It should also be updated regularly with governance processes and owners (or content authors) assigned to each page. Your information manager may be able to assist with how often pages are updated. For example, accounting pages may need to be updated more regularly than your marketing info. That means, it should also meet your copy standards — your style guide, spelling accuracy, grammar, etc. Get governance assistance.
Information should be grouped or chunked. For example, if there a lot of content on the page try to find what they have in common. By grouping content, you can place them in boxes or in accordions. This helps make it easy to skim, too. Bullets, tables, and using bold can all ensure it’s easy to read.
Meets unsaid expectations
Sometimes people forget about “unsaid expectations” — those standards that are widely adopted on the internet. Because your users use websites daily, they notice various standards that emerge: navigation is at the top, search is at the top right, the company logo is in the top left, buttons are for main calls to action, there’s contact information for help, etc.
As you’re developing your design, think about what’s already standardized. Your external web team, if you need assistance, should be able to help.
2. Scales and flexes
Not only should your design be responsive, but it should be easily adapted to grow your organization.
Responsive. Intranets should be accessed from multiple devices – desktops, laptops, smartphones, tablets, etc. Not all smartphone screens are the same size. Laptop screen sizes vary, as do desktop screen sizes. What you need is an intranet that scales no matter how big, or small, the screen is. Consider what the media you have on your intranet. For example, many devices now don’t support Flash. PDFs may be an issue.
In addition, ensure pages are fast-loading, not image-heavy. Employees will access your intranet while on vacation, at their kids’ soccer game, in company meetings, and as they’re helping customers to check something. You can test for these and even purchase software to assist you. Again, your IT and web teams can provide additional guidance about what can be used internally.
Growing with your organization, changing products, adapting to reorgs, handling mergers and acquisitions, this should all be easier because of your design.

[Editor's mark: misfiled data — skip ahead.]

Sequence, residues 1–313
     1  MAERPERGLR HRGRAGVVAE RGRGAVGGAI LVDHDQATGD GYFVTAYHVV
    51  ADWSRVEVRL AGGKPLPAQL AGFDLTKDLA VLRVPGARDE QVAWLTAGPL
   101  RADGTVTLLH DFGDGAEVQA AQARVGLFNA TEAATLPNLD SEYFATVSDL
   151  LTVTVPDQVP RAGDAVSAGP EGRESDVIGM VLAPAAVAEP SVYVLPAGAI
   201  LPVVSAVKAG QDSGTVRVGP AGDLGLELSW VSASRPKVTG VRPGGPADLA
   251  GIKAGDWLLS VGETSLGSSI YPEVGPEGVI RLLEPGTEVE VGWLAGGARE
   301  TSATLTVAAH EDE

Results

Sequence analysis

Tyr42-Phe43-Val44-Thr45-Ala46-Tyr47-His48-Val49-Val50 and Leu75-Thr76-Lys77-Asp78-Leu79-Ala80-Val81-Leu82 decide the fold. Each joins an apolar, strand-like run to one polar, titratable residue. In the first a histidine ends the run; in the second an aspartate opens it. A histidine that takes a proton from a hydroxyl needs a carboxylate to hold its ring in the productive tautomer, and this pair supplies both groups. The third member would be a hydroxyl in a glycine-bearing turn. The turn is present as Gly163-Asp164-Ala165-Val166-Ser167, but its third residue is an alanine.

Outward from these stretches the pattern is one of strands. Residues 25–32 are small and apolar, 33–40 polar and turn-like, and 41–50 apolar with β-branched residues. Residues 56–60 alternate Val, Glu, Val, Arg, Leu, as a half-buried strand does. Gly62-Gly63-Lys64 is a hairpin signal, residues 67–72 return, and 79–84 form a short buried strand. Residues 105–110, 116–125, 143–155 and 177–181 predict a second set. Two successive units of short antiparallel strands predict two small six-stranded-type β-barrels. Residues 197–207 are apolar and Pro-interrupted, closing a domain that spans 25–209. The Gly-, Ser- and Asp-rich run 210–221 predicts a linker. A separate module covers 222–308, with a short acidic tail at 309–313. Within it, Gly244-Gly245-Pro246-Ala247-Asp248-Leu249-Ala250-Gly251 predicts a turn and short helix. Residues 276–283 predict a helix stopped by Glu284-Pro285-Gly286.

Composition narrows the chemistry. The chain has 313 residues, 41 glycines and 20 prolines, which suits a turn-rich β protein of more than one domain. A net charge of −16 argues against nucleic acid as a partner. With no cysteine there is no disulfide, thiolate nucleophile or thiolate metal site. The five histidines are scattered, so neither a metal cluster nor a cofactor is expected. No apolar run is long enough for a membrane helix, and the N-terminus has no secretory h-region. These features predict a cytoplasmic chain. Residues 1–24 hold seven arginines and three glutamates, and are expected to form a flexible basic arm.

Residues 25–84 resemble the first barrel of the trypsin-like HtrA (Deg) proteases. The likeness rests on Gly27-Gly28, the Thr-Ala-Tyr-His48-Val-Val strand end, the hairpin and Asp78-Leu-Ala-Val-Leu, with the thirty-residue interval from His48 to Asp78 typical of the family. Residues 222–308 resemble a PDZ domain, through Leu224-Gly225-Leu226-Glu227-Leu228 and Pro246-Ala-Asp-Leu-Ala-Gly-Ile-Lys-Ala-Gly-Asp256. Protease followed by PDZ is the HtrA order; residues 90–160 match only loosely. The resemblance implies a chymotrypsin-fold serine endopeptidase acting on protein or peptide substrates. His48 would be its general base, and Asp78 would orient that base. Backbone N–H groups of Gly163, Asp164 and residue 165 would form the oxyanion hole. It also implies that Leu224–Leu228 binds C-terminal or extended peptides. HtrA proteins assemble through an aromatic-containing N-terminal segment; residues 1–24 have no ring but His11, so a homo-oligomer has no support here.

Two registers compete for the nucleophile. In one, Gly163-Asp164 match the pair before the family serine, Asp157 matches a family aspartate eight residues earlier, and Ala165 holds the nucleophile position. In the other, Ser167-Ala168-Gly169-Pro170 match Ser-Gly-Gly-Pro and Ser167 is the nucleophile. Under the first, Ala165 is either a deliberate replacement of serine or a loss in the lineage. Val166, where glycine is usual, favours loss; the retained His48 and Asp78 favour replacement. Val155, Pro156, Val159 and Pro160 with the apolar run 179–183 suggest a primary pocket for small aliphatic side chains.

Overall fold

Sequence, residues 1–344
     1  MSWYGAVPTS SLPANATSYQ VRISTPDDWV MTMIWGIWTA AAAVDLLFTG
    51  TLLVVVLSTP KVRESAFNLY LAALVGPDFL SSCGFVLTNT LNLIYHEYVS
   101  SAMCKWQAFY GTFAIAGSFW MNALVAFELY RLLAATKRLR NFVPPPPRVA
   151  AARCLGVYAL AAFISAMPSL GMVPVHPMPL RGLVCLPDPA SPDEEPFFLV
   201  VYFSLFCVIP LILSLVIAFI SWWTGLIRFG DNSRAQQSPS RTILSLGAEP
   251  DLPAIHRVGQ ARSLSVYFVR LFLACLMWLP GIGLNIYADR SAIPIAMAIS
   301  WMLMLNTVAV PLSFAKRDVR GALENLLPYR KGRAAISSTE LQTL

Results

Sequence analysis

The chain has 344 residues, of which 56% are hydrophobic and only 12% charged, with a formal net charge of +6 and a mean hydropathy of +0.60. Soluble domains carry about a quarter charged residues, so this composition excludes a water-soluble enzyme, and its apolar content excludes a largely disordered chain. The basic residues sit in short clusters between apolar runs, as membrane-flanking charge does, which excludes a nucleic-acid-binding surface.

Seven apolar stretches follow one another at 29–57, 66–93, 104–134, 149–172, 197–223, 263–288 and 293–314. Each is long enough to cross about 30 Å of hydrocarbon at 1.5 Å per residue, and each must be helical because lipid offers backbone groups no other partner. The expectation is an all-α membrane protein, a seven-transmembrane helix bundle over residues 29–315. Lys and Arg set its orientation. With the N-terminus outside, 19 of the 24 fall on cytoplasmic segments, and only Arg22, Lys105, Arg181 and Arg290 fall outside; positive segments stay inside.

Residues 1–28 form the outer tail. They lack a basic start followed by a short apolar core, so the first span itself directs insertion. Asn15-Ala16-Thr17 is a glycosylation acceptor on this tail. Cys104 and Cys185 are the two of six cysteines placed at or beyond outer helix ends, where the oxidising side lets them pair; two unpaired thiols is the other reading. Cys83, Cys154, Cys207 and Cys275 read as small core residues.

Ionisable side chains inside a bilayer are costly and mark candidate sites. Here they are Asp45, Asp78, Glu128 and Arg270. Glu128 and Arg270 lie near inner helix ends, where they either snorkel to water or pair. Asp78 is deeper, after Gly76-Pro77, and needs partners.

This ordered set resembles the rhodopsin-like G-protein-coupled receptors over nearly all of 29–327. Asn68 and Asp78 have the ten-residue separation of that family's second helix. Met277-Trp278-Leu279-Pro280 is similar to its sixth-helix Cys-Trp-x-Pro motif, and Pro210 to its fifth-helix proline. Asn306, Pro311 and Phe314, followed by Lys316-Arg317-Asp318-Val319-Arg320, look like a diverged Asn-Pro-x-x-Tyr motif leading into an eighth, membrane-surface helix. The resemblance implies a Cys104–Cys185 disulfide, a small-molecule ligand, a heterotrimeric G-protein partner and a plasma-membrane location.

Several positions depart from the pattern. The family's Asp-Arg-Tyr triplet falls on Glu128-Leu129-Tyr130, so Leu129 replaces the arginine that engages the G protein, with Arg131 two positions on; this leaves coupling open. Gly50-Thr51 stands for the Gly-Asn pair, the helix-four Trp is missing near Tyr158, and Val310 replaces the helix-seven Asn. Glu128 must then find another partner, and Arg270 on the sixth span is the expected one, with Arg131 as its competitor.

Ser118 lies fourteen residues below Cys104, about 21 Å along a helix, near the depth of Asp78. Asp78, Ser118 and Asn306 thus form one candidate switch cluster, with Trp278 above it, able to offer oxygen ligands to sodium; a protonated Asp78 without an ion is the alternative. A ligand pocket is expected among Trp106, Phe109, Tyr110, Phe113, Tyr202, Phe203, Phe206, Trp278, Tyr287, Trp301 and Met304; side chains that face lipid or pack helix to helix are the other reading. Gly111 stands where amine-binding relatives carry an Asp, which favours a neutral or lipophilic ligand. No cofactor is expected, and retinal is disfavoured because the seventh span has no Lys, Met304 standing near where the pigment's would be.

3. Reflects your brand and culture, including your employee
Your brand and culture can — and should — come alive online. It’s more than just colors and typography. Your content itself and tone should reflect your brand. For example, If you’re a hip, innovative brand, your tone on the website should be filled with contractions and fun. If you’re a healthcare company, it should sound caring and healing.
The experience of using your intranet should be like visiting one of the offices or locations. If your office is inviting and warm, your intranet should be, too.
These days, intranets can also be personalized to reflect what’s meaningful to individual people. Even if you’re in marketing, one team member may have a need to visit Pantone colors while another needs to check the latest AP style.
No matter what: measure
Philosophy majors, architects, and artists probably know the well-known debate about art versus design. Some argue art doesn’t solve problems while others think it does (or should). Regardless, your intranet needs to be measured. Instead of thinking just in terms of standard data (such as page views and bounce rates), measure in terms of the elements contained in this blog post. Is it doing its job? Easy to use? Clear? Simple to read and understand? Updated as per your schedule?
Conduct focus groups and testing people on tasks, you’ll ensure your intranet is user friendly. Get ideas and additional resources.
Measuring these goals tell a better story of whether your intranet is accomplishing the return on investment (ROI). They also provide data on whether your team and department are accomplishing their goals, too.